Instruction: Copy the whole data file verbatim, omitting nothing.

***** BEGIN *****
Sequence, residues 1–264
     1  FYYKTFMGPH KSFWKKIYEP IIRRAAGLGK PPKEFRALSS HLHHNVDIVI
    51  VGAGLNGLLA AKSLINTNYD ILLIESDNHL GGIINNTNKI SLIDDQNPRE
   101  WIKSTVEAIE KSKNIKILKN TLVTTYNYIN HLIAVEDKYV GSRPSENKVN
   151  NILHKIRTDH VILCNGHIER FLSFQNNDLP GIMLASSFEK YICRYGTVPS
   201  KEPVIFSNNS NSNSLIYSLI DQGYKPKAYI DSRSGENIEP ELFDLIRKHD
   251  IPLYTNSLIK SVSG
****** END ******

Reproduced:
Sequence, residues 1–264
     1  FYYKTFMGPH KSFWKKIYEP IIRRAAGLGK PPKEFRALSS HLHHNVDIVI
    51  VGAGLNGLLA AKSLINTNYD ILLIESDNHL GGIINNTNKI SLIDDQNPRE
   101  WIKSTVEAIE KSKNIKILKN TLVTTYNYIN HLIAVEDKYV GSRPSENKVN
   151  NILHKIRTDH VILCNGHIER FLSFQNNDLP GIMLASSFEK YICRYGTVPS
   201  KEPVIFSNNS NSNSLIYSLI DQGYKPKAYI DSRSGENIEP ELFDLIRKHD
   251  IPLYTNSLIK SVSG